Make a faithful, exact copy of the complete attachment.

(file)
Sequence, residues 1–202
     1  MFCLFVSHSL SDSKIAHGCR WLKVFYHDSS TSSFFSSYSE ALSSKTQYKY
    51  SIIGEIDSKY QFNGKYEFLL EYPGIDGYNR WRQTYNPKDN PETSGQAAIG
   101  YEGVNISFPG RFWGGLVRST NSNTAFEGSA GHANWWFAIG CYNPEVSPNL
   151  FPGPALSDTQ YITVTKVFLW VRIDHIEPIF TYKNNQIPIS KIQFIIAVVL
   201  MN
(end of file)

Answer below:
Sequence, residues 1–202
     1  MFCLFVSHSL SDSKIAHGCR WLKVFYHDSS TSSFFSSYSE ALSSKTQYKY
    51  SIIGEIDSKY QFNGKYEFLL EYPGIDGYNR WRQTYNPKDN PETSGQAAIG
   101  YEGVNISFPG RFWGGLVRST NSNTAFEGSA GHANWWFAIG CYNPEVSPNL
   151  FPGPALSDTQ YITVTKVFLW VRIDHIEPIF TYKNNQIPIS KIQFIIAVVL
   201  MN